Our team have worked on a number of Office 365 migration projects now, and one decision is made early in all the projects. That is whether to go to Single Sign On (SSO), or not.
If you are migrating from an on-premise Exchange environment to Office 365, then SSO might make sense, as your Outlook 2010 users will be used to starting Outlook without entering any user credentials to access their mailbox. If they use Outlook Web Access (OWA) then they may need to enter credentials – but generally, most users expect a seamless process to get into their mailbox.
Single Sign On requires a reasonable amount of local server infrastructure to support its use, as all authentication requests for Office 365 need to come into your local Active Directory first, and back out to Office 365. You need Active Directory Federation Services (ADFS), Active Directory Proxy Services, Microsoft Directory Sync – and within each service you may wish to double up to add resilience. For larger customers you even may need SQL Server !
I have seen some customers end up on Office 365, but with more local servers (supporting SSO) than they would have needed if they had gone to Exchange 2013 on-premise. Going to the cloud is meant to relieve the need for local servers (physical or virtual). Microsoft do mention that if you use Azure to host the ADFS & Proxy Servers then that means you have no data centre costs – however, you still need to build, licence, and support the extra servers.
SSO Alternative – Password Sync
Microsoft now support password sync of your AD password to Office 365 via their Directory Synchronization tool. See this Microsoft TechNet Blog article. This offers an alternative to using ADFS for this feature – with a much smaller server infrastructure footprint. For Office 365 customers I will now recommend this solution over ADFS – unless their is a compelling business reason not to.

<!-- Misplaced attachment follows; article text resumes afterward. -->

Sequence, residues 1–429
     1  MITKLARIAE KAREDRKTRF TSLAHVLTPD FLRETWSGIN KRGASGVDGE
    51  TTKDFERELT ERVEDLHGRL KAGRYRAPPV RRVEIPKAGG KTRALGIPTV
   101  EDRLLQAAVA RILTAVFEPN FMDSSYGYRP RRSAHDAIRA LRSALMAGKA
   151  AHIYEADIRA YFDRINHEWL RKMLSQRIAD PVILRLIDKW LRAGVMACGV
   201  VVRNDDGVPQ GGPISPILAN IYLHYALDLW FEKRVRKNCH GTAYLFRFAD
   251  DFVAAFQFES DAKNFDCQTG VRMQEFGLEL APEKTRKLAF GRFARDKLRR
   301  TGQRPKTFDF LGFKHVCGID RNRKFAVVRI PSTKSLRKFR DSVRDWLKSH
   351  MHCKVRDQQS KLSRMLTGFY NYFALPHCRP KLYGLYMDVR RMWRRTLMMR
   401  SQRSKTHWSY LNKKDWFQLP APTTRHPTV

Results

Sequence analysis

Office 365 Cost Savings
Customers need to understand the implications of SSO clearly, as the cost-savings of going to Office 365 are not quite as tangible with a significant local server infrastructure to implement and support.
Our advice to customers who want to go to Office 365 is to consider not implementing SSO for their users, and negate the need to deploy new local server infrastructure to support it. (I am aware that Azure could be used to house these servers, but they still need managing and supporting.) Users will get used to entering their credentials to get to their email – many will be used to this anyway with web mail being common place for personal email accounts like Gmail and Hotmail.
For Windows devices like Windows 7, the Credentials Manager will happily store Office 365 credentials for Outlook 2010/2013. Care is needed to ensure password expiry and reset’s processes are well researched and published.
Domino to Office 365 with SSO
For customers migrating from Domino to Office 365, those users will be very used to entering a password to get into Lotus Notes – often many times a day, so it will not be too much to ask for them to enter credentials to get into their new Office 365 mailboxes.
Think clearly before you decide on SSO. It is a big decision. Contact Us to discuss your Office 365 migration project, and let us help you decide on the best strategy for your business. If you are going to use Office 365, then you may as well save as much money as you can as a result.